Reading Julie Otsuka's, When the Emperor was Divine, this article analyses the novel's relationship with life writing, memory and the present. Blurring the line between fact and fiction, Otsuka's novel enters the field of life writing as a semi-biographical family memoir, loosely based on the wartime experiences of her mother's family. It also creatively and skilfully invites readers to make intertextual connections with such internees’ memoirs as Miné Okubo's Citizen 13660 and Yoshiko Uchida's Desert Exile, and incorporates two first-person narrative forms, letters and confession, to engage readers in the generation of postmemory. As a Sansei, Otsuka may have started writing the novel as a way to involve herself in an evolving relationship with the past events and people. Yet, her novel serves as a mnemonic trigger that prompts the reader to remember what happened to Japanese Americans during WWII, while associating the meaning of the past to today's post-9/11 world. Storing, transferring and reincorporating the cultural memory of the Japanese-American internment throughout generations, Otsuka's narrative suggests the limits of ethnic minority groups’ self-representation, the ethical demand to keep marginalised memories of past violence alive and collective, and the importance of the freedom to speak and write about one's life.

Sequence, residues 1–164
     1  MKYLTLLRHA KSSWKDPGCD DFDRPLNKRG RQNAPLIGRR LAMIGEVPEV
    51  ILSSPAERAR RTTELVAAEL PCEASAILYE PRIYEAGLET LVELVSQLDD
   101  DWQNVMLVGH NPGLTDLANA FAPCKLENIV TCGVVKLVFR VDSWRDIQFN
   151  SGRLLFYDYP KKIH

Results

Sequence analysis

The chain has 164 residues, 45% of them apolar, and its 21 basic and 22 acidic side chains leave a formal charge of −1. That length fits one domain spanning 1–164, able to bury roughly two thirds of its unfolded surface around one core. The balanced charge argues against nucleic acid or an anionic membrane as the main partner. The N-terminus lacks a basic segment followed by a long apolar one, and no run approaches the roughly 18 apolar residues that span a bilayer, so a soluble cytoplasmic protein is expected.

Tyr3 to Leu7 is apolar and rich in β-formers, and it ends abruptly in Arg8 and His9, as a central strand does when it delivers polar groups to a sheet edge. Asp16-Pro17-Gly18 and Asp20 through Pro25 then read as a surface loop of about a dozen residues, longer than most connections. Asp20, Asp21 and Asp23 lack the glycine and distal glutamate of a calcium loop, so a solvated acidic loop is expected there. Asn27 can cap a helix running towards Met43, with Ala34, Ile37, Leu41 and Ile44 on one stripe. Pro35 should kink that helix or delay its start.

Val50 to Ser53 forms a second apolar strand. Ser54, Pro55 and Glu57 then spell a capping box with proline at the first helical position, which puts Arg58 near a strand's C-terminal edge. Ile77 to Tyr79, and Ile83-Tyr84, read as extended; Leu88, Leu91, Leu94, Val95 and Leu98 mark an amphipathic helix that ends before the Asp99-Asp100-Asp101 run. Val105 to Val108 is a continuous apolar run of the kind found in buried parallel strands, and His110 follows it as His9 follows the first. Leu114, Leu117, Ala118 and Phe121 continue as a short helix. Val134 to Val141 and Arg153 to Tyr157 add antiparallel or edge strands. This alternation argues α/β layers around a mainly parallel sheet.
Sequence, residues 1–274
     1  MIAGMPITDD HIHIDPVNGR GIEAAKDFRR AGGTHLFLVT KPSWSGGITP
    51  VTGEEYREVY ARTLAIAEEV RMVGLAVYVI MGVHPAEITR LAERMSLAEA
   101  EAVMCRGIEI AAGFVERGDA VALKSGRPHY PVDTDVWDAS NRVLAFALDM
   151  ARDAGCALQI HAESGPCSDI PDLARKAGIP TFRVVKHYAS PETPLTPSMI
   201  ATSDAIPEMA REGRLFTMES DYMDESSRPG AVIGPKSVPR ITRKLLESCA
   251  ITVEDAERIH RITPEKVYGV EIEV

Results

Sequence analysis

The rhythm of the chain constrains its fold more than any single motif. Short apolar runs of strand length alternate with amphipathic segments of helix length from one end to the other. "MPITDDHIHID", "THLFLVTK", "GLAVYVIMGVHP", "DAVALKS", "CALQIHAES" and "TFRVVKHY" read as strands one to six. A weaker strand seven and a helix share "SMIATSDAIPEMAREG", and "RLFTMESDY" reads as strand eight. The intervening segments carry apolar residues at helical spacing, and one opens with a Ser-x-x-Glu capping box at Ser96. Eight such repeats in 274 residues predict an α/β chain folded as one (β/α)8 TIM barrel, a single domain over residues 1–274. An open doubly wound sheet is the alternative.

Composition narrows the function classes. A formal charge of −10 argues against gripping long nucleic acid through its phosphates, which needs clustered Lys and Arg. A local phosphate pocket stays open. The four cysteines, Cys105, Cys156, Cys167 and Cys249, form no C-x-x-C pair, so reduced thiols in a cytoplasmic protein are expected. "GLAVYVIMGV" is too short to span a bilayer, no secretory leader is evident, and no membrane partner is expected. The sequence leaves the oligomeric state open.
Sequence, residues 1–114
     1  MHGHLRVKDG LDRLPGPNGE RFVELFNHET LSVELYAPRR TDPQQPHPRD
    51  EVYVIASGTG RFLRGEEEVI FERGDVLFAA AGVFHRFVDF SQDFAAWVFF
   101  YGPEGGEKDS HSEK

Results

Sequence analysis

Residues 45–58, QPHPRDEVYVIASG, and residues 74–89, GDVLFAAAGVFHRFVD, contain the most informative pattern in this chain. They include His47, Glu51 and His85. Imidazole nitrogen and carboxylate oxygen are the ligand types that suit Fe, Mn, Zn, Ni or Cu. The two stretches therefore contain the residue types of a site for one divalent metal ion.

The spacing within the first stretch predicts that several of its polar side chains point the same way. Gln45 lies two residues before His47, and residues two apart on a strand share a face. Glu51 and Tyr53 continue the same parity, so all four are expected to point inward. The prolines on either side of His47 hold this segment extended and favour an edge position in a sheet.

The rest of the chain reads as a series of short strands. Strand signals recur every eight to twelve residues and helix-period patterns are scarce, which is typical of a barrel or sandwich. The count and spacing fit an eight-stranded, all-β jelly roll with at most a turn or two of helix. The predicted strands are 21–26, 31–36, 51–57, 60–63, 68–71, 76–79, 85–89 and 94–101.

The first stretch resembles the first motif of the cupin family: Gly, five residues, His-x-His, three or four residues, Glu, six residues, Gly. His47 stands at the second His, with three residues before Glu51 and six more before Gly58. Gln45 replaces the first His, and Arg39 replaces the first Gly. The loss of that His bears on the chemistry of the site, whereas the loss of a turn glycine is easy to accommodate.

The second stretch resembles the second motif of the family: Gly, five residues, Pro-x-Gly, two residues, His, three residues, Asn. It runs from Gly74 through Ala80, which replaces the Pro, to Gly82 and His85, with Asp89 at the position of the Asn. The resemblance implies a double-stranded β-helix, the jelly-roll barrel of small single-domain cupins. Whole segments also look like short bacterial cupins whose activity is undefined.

All Science Journal Classification (ASJC) codes
- Literature and Literary Theory